Friday, October 17, 2014

meatloaf: it's what you make for someone you love

Friday, October 17, 2014

I have written many times about my love and adoration for Molly Wizenberg, her books, and her blog, Orangette.  My dear sister-in-law (so very dear, by the way) sent me a link to Orangette all the way back in 2008 (!!!!) and I've never looked back.  A Homemade Life, Molly's first book, sits well-worn and loved in a special, sparse shelf where I keep my most cherished books, ensconced between East of Eden and Absalom, Absalom!  I've read it many, many times, and neither the memoir itself nor the recipes have ever disappointed.

You can imagine my excitement when I learned that Molly would be writing a second book, this one centered around the origin and development of the restaurant she began with her husband, Brandon.  Ok, you probably don't have to imagine it.  It has not gone unmentioned on the old blog, even in the dearth of posts over the past two years.  I eagerly anticipated its arrival, and I was crushed to discover that I wouldn't be home when Molly visited the Bay Area for a book tour shortly after Delancey's release (it is, in case you have not guessed, named after the restaurant).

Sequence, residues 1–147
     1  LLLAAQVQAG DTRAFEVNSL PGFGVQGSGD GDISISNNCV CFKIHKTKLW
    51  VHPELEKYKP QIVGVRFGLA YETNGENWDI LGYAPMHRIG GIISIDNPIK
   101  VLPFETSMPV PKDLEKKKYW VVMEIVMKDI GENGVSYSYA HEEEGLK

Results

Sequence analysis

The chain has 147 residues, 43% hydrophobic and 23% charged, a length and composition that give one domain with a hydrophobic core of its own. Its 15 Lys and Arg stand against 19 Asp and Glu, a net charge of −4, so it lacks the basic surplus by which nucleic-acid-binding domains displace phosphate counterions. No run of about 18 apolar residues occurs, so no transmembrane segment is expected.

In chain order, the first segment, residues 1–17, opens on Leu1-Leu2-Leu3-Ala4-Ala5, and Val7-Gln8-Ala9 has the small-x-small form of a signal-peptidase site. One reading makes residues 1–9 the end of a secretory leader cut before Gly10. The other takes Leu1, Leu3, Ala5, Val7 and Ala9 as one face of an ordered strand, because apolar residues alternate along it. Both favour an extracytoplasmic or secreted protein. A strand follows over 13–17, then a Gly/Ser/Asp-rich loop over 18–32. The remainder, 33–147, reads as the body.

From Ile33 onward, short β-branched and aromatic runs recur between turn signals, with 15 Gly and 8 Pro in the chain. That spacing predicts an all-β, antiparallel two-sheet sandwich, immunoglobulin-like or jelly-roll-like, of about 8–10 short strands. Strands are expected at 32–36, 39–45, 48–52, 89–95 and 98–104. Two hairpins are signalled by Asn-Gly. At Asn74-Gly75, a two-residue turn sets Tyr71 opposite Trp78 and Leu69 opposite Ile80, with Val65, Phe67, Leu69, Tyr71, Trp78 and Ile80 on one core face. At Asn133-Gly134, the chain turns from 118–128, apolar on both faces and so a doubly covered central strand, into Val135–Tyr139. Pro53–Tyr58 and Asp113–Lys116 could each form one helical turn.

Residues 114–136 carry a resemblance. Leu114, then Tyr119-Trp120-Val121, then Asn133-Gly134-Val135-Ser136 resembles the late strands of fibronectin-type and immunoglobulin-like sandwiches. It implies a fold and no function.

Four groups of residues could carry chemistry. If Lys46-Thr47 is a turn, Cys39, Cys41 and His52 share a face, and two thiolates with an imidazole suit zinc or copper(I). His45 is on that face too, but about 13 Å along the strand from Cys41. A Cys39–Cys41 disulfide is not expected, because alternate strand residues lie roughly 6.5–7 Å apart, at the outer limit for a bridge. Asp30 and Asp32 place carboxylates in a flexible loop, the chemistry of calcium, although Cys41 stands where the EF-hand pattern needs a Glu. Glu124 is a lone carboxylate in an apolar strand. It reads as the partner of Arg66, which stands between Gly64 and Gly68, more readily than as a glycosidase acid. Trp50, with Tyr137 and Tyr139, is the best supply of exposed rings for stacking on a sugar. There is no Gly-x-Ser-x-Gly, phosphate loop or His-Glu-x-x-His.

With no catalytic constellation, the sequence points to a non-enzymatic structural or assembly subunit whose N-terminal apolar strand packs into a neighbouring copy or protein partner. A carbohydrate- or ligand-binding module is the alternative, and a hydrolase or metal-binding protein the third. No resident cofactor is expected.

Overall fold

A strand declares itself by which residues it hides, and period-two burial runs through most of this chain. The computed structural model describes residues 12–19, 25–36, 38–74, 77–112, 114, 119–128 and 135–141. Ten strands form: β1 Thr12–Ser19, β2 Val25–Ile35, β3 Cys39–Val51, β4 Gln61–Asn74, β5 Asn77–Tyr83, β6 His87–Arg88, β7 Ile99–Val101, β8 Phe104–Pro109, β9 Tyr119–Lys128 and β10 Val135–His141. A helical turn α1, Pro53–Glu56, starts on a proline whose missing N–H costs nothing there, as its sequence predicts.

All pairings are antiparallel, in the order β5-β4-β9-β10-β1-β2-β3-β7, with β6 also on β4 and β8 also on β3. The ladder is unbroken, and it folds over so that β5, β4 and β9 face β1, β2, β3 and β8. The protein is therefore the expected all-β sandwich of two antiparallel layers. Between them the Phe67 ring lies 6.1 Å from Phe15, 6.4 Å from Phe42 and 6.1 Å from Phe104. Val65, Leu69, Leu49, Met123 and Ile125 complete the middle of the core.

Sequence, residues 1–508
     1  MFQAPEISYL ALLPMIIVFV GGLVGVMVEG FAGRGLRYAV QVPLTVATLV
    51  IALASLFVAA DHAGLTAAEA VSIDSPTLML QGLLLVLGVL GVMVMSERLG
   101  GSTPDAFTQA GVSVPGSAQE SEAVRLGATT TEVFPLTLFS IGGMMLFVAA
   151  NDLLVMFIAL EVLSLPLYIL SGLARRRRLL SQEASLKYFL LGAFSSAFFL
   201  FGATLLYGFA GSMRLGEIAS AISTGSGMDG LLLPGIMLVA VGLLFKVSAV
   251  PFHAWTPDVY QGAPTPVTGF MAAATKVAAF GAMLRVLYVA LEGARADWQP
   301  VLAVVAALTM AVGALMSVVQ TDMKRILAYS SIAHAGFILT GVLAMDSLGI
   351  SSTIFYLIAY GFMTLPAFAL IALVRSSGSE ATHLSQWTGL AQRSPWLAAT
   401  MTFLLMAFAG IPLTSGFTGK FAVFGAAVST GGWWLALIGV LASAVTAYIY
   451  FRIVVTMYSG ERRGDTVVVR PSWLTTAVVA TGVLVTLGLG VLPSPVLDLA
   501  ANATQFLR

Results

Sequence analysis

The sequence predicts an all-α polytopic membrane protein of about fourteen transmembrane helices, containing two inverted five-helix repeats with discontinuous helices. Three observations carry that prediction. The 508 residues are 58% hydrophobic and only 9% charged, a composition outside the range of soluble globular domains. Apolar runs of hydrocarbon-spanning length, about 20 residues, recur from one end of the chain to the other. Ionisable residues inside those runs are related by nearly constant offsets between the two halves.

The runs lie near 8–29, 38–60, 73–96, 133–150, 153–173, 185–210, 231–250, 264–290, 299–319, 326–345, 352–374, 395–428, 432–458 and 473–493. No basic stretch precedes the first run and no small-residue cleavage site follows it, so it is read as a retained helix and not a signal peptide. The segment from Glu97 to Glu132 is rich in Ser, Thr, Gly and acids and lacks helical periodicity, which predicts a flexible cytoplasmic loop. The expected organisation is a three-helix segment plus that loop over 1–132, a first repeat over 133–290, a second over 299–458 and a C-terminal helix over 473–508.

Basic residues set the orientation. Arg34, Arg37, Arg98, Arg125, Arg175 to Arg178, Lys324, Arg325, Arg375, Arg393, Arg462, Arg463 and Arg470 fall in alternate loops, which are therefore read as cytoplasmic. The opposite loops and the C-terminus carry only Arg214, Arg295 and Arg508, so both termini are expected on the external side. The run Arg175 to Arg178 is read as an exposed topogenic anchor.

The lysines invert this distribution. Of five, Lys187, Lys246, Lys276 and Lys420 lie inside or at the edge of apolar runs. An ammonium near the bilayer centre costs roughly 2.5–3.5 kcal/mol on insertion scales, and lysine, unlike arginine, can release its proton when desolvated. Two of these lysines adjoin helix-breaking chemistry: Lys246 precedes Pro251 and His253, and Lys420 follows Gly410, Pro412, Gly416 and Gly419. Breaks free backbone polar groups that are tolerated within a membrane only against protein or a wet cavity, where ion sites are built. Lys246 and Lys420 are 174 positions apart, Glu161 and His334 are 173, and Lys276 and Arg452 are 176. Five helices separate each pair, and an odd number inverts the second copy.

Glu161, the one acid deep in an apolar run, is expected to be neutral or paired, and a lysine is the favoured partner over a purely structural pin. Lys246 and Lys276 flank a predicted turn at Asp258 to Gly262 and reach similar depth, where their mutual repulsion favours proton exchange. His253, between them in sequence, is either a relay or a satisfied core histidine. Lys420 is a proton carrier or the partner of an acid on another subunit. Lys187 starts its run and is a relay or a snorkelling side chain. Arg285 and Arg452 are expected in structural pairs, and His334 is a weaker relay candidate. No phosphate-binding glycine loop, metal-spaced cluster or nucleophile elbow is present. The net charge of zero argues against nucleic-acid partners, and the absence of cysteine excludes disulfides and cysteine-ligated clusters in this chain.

Enter my newest, sweetest friend J.  We happened to be at the same table at our MOPS group and enjoyed forging a new friendship in the early winter and through spring.  J had recently moved from Seattle, home of Molly Wizenberg, and was actually a frequent patron of Delancey!  After I set aside my jealousy, I quickly familiarized her (and probably frightened her) with my obsession.  Not only did she decide to read the book with me, thus making it our first book club choice together (we are now on our fourth book, and our club contains three other members), she also volunteered to attend the book signing, taking both our copies.  What a gem.